Trying to understand two dimensional vector and was wondering if anyone could help me out on a sorting code for this so that it numbers 0-9 people, gets x number with each of them and then outputs the person (number) ate x pancakes - But in descending or ascending order.

``````/* The vector seems right if my output works,
this doesn't sort it though by person or pancake. */

vector< vector<int> > pVec(10,vector<int>(2));
for(int x=0; x < 10; x++){
pVec[x]= x;
}

sort(pVec[x].begin(), pVec[x].end());
for (int x = 0; x < pVec.size(); ++x)
cout << "\nPerson "<< pVec[x] <<" ate " << pVec[x]<<" pancakes.";``````

## All 7 Replies

This shouldn't compile (and it doesn't for me). x is out of scope on line 9. What is "less than" something else? Is {5,3} less than {3,4}? Or vice-versa? I don't know what the default "less than" is, for one array being "less than" another, but you can't sort unless there is one. Make sure it's what you want. You may have to provide it.

Anyway, here is what I THINK you probably want. If not, you'll need to provide a less than comparison.

``````#include <vector>
#include <algorithm>
#include <iostream>
#include <cmath>
#include <ctime>
using namespace std;

int main()
{
/* The vector seems right if my output works,
this doesn't sort it though by person or pancake. */

srand(time(0));

vector< vector<int> > pVec(10,vector<int>(2));
for(int x=0; x < 10; x++){
pVec[x]= rand() % 25;;
pVec[x] = rand()  % 25;
}

for (int x = 0; x < pVec.size(); ++x)
cout << "\nPerson "<< pVec[x] <<" ate " << pVec[x]<<" pancakes.";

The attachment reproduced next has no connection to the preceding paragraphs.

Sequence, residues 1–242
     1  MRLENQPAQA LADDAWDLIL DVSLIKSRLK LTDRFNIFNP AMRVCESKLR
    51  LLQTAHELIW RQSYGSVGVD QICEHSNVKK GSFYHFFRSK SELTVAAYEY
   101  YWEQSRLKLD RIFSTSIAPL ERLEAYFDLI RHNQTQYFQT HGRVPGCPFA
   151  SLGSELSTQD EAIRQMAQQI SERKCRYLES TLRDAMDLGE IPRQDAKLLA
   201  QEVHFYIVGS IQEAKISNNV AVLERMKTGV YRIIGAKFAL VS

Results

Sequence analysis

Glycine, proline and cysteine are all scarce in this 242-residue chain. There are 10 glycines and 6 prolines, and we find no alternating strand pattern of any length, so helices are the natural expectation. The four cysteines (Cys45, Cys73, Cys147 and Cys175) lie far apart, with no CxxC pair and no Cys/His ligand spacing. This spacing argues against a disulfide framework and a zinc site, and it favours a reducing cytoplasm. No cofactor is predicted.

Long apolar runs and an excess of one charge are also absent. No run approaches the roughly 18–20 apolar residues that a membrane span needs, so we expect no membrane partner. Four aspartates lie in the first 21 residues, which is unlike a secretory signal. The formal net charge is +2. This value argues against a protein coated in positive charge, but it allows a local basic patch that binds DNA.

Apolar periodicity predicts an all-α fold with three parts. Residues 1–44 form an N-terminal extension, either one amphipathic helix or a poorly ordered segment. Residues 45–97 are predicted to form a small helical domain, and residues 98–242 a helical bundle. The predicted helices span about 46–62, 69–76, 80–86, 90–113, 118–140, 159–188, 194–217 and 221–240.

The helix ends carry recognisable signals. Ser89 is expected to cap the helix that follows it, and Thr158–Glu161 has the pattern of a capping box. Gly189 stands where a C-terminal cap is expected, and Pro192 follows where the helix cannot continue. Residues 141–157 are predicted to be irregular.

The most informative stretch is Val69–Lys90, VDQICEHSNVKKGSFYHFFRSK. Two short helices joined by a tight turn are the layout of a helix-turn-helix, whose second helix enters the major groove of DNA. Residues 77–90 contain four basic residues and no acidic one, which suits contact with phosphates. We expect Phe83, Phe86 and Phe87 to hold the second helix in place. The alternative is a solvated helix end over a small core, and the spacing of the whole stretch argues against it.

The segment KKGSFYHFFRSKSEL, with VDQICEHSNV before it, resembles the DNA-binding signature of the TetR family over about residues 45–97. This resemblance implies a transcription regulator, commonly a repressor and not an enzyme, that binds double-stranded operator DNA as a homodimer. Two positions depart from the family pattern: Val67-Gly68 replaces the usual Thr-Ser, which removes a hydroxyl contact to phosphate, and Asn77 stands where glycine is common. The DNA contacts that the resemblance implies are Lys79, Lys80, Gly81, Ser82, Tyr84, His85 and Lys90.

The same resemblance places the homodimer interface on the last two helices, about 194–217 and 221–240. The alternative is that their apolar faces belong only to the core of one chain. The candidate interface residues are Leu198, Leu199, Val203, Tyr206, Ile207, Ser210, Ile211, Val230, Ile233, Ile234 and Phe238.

sort(pVec.begin(), pVec.end());
cout << "Sorted\n";

for (int x = 0; x < pVec.size(); ++x)
cout << "\nPerson "<< pVec[x] <<" ate " << pVec[x]<<" pancakes.";

cin.get();
return 0;
}``````

Sorry no this is not the entire code my question is
sort(pVec.bgein(), pVec.end) doesn't sort ONLY the pVec[x] row, I need the numbers in pVec[x] to stay the same.

:confused: You're really not making much sense.

It seems you want the "outer" vector sorted based on the contents of the "inner" vectors, and you want the contents of the inner vectors to be stable.

Is there a reason you are using vectors to store a specific "person"'s information? I think you may want to consider using a vector of structs instead of a 2-d vector:

``````struct Person {
int myID;
int amountEaten;
};

const int ATTENDEES = 5;

vector<Person> People(ATTENDEES);

for (int i = 0; i < ATTENDEES; ++i) {
//prompt user for input
(People[i]).myID = inputID;
(People[i]).amountEaten = inputAmount;
}

//perform sort``````

That is perfect, now how would you sort .amountEaten only?
operator overload comparison for the struct?

Correct, you would have to write a custom less-than operator that returns true based on the result of a comparison of the values of Person::amountEaten.

>> Sorry no this is not the entire code my question is
sort(pVec.bgein(), pVec.end) doesn't sort ONLY the pVec[x] row, I need the numbers in pVec[x] to stay the same.

If pVec is a 2-D vector of integers, you're dereferencing it twice here, so it seems to me there is no pVec[x] row, there is a pVec[x] element. Hence only one number. Hence nothing to sort unless I'm missing something. You might want to show the before and after of what you want to do.

person ...
pancake [x][x][x][x][x][x]...

Just to clarify,
I need the pancake to be user input, the person to stay the same, sort only the second row. Your right Vernon, and im sorry, I should of been alot clearer in how I referenced the vector parts.

Thank you Fbody going to try structs.

Be a part of the DaniWeb community

We're a friendly, industry-focused community of developers, IT pros, digital marketers, and technology enthusiasts meeting, learning, and sharing knowledge.